The person responsible for changing stage sets must have gone home following this opening performance of Strong Poison, and taken a bath in Absorbine Jr., their aching muscles desperately needing some type of pain relief.
On Oct. 22, the Manitoba Theatre Centre opened its 2009-10 season, thus resuscitating Canada’s oldest regional theatre after its summer of dormancy, belying the belief that flowers bloom only in spring.
Strong Poison is part of a series of plays that playwright Frances Limoncelli adapted from Dorothy Sayer novels, each of them centering around Lord Peter Wimsey’s exploits. It opens with a judge (David Warburton) giving instructions to the jury in the murder trial of Harriet Vane (Miriam Smith) who stands accused of administering arsenic to her lover/partner Philip Boyes, both Vane and Boyes being writers — Boyes of murder mysteries.
As the poisoning occurred very close to the bitter separation of Vane and Boyes, Vane is a prime suspect. Apparently Boyes, a leader of the libertarian movement, had refused to marry Vane, claiming he did not believe in that institution. Apparently, the refusal to marry was merely a test of Vane’s devotion to him. When he did request Vane to marry him, she became insulted and broke off their affair. The case is nearing its conclusion with everyone believing, without doubt, that Vane was guilty. Everyone, that is, except for Sir Peter (Greg Ellwand) who, while watching the trial, has fallen in love with Vane.
This synopsis highlights an undercurrent to the play. The play is set in the 1920s when the suffragette movement was at its peak. Although never specifically mentioned, there are several strong references to feminist issues.
Kudos to director Steven Schipper, who has done a masterly job of directing this play. Kudos also to Judith Bowden, the set and costume designer, who lies luxuriating in her well-deserved Absorbine Jr. Bath. This is a play of soundbites, where the set changes every five minutes, or so it seems. Actors are still in the midst of reciting their lines while tables and chairs slide across behind them into position for the next scene, stage backdrops dropping like flies.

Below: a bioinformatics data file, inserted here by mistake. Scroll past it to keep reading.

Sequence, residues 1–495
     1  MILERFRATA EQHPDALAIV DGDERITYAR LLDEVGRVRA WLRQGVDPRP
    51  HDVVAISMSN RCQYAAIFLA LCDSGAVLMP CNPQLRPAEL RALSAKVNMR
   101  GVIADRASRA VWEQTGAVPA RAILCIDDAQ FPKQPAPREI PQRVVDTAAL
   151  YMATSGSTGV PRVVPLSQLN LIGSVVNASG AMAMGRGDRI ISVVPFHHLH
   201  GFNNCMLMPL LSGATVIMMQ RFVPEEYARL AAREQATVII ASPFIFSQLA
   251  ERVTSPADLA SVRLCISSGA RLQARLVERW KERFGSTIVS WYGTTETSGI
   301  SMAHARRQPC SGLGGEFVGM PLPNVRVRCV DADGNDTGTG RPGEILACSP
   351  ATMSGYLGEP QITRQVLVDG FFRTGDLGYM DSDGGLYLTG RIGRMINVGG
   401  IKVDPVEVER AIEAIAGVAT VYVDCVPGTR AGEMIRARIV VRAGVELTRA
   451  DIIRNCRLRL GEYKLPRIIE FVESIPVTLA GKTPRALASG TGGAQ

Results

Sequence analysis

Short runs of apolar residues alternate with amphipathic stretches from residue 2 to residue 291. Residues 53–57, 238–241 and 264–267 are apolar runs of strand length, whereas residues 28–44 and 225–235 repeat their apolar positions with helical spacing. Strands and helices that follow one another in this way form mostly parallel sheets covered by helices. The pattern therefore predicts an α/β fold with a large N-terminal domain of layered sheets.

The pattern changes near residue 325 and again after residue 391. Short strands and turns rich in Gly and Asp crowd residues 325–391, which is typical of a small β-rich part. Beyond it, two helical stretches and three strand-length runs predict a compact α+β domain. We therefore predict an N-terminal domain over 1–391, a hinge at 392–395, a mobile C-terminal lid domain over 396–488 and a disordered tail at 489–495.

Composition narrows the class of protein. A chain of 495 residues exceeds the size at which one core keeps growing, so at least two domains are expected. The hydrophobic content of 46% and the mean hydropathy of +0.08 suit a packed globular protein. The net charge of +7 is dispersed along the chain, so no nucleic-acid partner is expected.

Do not be dismayed by the overacting that takes place in the opening. It will continue throughout the play. In an overhead comment, someone said “This is not a play of acting, but one of performing.” This may not necessarily be a correct statement, as there are some exceptional theatrical performances taking place, particularly by Ellwand, who rapidly endeared himself to the near full-house audience — but it is a correct observation. The opening scene clarifies why this is the case.
In the opening scene, the judge is sitting on the second level in a chair that near dwarfs him. Assembled below him, like chess pieces, are some of the main characters who are poised like mannequins. They are mannequins of their stereotyped roles indicating that you are about to watch a farce — and a very good farce at that.
There are several humorous (actually, outright hysterical) scenes — particularly the séance scene in the second act. Unfortunately, this otherwise exceptional scene was milked far too long for its comic value. It would have profited from being half its length.
Except for the actors playing the roles of Sir Peter and Ms Vane (Ellwand and Smith), each of the others is called upon to play several roles. They do so splendidly. Of particular note in this regard is Gordon Tanner who must be singled out for his foppish roles as Gerald Wimsey, brother of Sir Peter, as well as Sir Impey Biggs, Freddy Arbuthnot and Norman Urquhart; Marina Stephenson Kerr for her portrayals of the dowager duchess of Denver, Eilunid Price and Nurse Booth; and Terri Cherniack for hers of Miss Climpson, Nina Kropofky, Helen Wimsey and Mrs. Pettican.
This is a play to enjoy, not to inspire, as was evidently the audience’s perspective as they gave generously with their applause, but without a standing ovation. If you want to enjoy a light-hearted evening of good comic fare, Strong Poison is your choice.
Strong Poison runs until Nov. 14 at the John Hirsch Theatre (Mainstage) of the MTC.